Mang Jun has been a caretaker for so long he has picked up a thing or two about the cultural practices of the Chinese. He shares he has worked for his employers that they trust him enough to perform many of these practices when they’re not around.

Mang Jun explains how they honor the Totikong, which is located on the edge of every mausoleum in the cemetery. He explains, “Yung Totikong nagbabantay ng kapilya na to,” Mang Jun says. The Chinese honor the Totikong first before their deceased by lighting incense sticks and kneeling before the small marker and then sticking the incense in the pot in front of it.

He tells us the incense is called Hiu and the paper they burn is called Kim. He shares the Kim isn’t just regular paper; the Chinese burn it for their dead because it represents money. They burn it so their relatives have something to spend in the afterlife. Every November 1st, the wide-open streets of the cemetery become cloudy with smoke rolling around from all of those honoring their dead.

The Kim is different from the paper they stick around the tombs. “Yung papel na iba’t ibang kulay. Dinidikit nila yun para alam na meron na bumisita na kalahi nila sa kapilya na yon.”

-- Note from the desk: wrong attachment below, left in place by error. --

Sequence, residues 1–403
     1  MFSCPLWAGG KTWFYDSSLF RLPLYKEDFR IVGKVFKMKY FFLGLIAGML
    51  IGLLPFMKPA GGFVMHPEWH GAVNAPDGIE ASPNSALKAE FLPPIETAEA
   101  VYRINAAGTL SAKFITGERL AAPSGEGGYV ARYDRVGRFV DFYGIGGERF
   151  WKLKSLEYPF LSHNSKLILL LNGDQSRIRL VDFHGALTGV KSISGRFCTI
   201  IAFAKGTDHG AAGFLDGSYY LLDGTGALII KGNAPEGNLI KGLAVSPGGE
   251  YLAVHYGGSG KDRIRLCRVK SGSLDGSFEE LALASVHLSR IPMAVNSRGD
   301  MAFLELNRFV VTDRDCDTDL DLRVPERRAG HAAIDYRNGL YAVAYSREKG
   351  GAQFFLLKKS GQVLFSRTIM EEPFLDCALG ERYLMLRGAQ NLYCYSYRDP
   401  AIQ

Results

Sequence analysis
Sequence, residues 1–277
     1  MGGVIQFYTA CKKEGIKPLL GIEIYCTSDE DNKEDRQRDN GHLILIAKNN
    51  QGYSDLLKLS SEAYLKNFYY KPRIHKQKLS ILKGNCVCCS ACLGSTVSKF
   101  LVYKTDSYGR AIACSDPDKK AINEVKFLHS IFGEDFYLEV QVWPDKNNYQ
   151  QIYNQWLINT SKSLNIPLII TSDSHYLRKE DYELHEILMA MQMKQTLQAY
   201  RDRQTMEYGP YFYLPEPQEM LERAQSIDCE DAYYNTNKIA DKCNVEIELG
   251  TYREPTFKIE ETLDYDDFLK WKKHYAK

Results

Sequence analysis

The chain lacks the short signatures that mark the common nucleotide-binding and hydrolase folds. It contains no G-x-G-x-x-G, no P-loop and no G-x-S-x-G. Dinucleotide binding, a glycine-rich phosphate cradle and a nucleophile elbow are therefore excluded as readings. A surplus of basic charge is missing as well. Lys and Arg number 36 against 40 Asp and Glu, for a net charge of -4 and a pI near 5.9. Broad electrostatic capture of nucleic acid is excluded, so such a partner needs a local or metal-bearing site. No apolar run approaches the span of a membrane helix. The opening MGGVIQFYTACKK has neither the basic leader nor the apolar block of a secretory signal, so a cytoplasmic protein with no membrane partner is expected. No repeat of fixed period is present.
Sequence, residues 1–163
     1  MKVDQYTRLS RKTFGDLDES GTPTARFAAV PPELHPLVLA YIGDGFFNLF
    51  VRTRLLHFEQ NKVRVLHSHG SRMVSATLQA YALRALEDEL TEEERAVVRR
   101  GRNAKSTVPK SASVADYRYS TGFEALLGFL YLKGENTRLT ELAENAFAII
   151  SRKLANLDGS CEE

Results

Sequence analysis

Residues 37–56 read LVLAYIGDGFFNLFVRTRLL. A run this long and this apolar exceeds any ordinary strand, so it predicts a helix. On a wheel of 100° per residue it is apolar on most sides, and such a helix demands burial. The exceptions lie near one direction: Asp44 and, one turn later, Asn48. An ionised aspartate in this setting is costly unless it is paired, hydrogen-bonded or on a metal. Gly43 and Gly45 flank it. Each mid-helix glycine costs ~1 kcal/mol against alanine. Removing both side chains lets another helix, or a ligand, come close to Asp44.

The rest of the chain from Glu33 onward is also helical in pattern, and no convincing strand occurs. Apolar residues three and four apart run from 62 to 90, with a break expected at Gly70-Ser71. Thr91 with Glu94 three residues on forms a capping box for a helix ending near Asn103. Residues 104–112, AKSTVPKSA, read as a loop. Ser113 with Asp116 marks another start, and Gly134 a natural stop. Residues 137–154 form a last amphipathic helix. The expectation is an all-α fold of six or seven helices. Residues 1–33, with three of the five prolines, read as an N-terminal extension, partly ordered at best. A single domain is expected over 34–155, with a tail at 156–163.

“Kwentos” from beyond the grave

“Wala naman gaano dito,” Ate Vanessa replies when asked about stories of the dead communicating with them from beyond. “Tahimik lang andito pero meron isang kapilya na bawal ka matulog doon kasi ayaw niya may mag-tambay sa kapilya niya,” shares Ate Let.

According to them, the resident of that certain kapilya is known to shake the benches of those brave enough to take a nap in their final resting place. Mang Jun says, “Sa sementaryo wala naman masyadong multo, sa simbahan yung marami kasi doon sila humihingi ng awa.” 

While their job as caretakers might not be as rewarding as it seems, taking care of the dead has provided Mang Jun, Ate Let, and Vanessa ways, although unconventional, to make a humble, and honest living. They are grateful for being valued by the families they serve as much as they value their work. “Hindi naman kami tatagal ng ganito if hindi sila mabait,” Mang Jun shares.

Cirilo Cariga

By Cirilo Cariga

Denise Nicole Uy

By Denise Nicole Uy